Fantastic How To Get Rid Of A Skunk In Your Backyard 25 With Additional Interior Home Inspiration with How To Get Rid Of A Skunk In Your Backyard

How To Get Rid Of A Skunk In Your Backyard

It is well documented that owls can reduce rodent populations by 75% or more! Their natural ability to control disease-carrying root-gnawing mice, rats, moles, voles, gophers and other costly rodents makes owls an indispensable addition to your property. Owls rely on their keen nighttime vision, but also use their highly-developed sense of hearing to locate prey. So how do I go about making my backyard an owl-friendly place?

Keep in mind that if you have set out toxic rodent baits to kill rodent critters, you will be poisoning the owls as well. Owls can become so weak and debilitated by the toxic effects that they are rendered incapable of hunting, eating or defending themselves. It’s a slow and painful certain death sentence that can only be reversed if the owl is rescued in time, and given Vitamin K to combat the anticoagulants in rodent baits.

In fact, your family pet is also in jeopardy if it consumes rodents that have eaten these highly toxic rodenticides. The reason is that the rodent baits work very slowly on the rat, mouse or other critter by causing its blood to become so thin that it bleeds to death. So be sure that you have removed any and all rodent poisons and baits before you seek to attract owls to your backyard.

The best and most logical way to attract owls is to mimic their preferred habitat to the best of your ability.

1. Do Not Use Toxic Chemicals on your lawn, gardens, trees, shrubs, or orchard! Birds are nature’s pest patrol. Let the predators take care of the prey for you. That’s what they were designed to do, and they do it very well if we let them. And that includes everything from insects to weeds to rodents. Organic and natural pest controls are a much better and safer choice.

2. Owls like to use cavities in large trees, and will use old hawk’s nests, abandoned buildings with open access and lofts in farm buildings in which to nest. If you own a tall outbuilding such as a shed with an open loft area, leaving the upper door open might entice an owl to nest in it. Owls breed from mid-March right through mid-May.

3. If you don’t have any tall trees or suitable outbuildings nearby, consider installing owl nesting boxes. They are easy to construct and can be mounted from 8′ and higher. That height will discourage any starlings from using the box. Add dry leaves, dried pine needles, wood shavings or clean rabbit bedding from the pet store to the bottom of the nesting box to a depth of 3″. This will cushion the owl’s eggs and make the nest box easier to clean.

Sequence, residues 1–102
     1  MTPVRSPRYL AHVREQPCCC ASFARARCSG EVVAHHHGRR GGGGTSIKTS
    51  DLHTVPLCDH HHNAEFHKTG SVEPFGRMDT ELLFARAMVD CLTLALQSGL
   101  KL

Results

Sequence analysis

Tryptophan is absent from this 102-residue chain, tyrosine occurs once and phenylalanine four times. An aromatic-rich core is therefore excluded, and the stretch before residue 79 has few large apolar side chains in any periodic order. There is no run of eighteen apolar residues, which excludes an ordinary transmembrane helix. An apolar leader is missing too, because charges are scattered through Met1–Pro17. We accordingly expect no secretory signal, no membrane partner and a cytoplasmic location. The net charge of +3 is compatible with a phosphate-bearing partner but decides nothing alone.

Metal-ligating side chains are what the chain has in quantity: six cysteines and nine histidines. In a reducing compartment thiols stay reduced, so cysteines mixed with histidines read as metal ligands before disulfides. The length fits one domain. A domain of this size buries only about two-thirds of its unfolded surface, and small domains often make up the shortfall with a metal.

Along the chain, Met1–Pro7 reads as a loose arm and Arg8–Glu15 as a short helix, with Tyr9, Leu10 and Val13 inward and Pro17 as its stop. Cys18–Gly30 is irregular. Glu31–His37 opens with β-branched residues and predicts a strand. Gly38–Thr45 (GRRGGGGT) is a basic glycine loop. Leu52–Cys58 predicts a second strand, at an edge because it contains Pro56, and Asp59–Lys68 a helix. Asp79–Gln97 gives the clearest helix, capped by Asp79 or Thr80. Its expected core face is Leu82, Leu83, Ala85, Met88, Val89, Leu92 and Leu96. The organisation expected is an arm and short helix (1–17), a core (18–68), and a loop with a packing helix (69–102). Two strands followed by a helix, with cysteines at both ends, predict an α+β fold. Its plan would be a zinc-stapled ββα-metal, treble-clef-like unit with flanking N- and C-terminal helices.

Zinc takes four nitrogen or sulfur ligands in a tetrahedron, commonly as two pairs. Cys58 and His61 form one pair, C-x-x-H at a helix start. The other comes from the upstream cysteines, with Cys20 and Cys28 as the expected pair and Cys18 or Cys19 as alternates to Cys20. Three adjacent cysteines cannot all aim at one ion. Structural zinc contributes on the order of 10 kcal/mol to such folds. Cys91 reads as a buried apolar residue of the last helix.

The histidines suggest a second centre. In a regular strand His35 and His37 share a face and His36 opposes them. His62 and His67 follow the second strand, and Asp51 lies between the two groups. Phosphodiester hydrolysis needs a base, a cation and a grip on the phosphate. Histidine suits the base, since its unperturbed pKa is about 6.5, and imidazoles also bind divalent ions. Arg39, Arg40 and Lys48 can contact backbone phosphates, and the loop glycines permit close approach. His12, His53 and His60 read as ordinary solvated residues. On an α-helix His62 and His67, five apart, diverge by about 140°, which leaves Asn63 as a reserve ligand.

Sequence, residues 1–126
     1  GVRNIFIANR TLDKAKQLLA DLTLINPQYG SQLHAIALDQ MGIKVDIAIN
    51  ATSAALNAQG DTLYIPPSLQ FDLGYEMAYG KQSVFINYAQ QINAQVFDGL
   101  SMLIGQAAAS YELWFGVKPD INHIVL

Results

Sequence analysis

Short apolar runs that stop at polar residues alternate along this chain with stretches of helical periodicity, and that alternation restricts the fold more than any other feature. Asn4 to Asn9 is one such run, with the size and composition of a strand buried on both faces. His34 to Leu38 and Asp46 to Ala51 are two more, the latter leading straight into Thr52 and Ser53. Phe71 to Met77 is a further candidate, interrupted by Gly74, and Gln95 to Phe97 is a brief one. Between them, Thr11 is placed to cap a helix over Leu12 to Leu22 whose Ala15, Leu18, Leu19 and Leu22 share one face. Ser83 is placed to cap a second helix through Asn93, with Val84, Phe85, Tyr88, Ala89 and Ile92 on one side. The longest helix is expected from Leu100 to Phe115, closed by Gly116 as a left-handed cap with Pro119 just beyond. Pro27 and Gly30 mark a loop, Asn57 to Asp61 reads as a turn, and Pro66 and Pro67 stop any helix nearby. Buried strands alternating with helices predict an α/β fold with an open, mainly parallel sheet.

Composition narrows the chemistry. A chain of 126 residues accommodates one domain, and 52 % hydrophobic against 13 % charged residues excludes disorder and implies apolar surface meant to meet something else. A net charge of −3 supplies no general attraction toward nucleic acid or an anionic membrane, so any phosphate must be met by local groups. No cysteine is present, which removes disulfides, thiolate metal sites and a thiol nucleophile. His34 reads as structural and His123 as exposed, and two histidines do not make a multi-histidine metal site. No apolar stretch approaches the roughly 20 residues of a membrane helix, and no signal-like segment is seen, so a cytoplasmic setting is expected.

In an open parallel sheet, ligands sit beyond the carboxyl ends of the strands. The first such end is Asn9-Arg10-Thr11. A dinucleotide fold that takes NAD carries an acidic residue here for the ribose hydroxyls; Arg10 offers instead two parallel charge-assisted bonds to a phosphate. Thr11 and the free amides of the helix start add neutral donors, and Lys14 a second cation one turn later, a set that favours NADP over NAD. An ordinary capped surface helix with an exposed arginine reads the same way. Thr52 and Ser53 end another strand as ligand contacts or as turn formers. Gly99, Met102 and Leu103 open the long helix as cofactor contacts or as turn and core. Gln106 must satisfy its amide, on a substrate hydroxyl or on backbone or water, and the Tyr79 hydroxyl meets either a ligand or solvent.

4. It is not hard to ‘call an owl in’ to you. If you have heard owls hooting nearby, you can answer their call. They will come to investigate. If they find your owl nesting box or other good place to nest, they will gladly accept your generous offer. Do not, however, continuously mimic them. In that case they can become confused at not finding an owl at the other end of the ‘hoots’ that you are emitting! Their frustration might lead them away from your property.

Owls perch on high during the day to sleep, and then descend on open grassy or wooded areas at night to hunt. If you have gardens, then you have rodents. If you have rodents, you will be able to attract owls by following the suggestions listed above.

A word of warning though: if you have small outdoor cats, it would be wise not to let them out at night. Larger birds, like the Great Horned Owls will hunt prey as large as porcupines, skunks and rabbits. Owls are silent because of the curvature and softness of their extremely lightweight feathers. Their stealth and the element of surprise, as well as their keen eyesight and sense of hearing, are the keys to their success as hunters.

Free Instructions for Building Owl Nest Boxes: http://www.wildlifehc.org/barn-owl-nest-boxes/

Connie Smith is the proud owner and manager of Grandma Pearl’s Backporch, LLC, and the expert author of many online articles about easy and unique ways you can create the best bird-friendly habitats to help wild birds survive and thrive. Discover how to create fun and safe backyard habitats for wild birds using their preferred plants and foods, while adding color, fragrance and beauty to your landscape. Find simple how-to projects for making your own unique bird feeders; and learn how easy it is to attract a variety of birds to your yard and gardens. Visit today!

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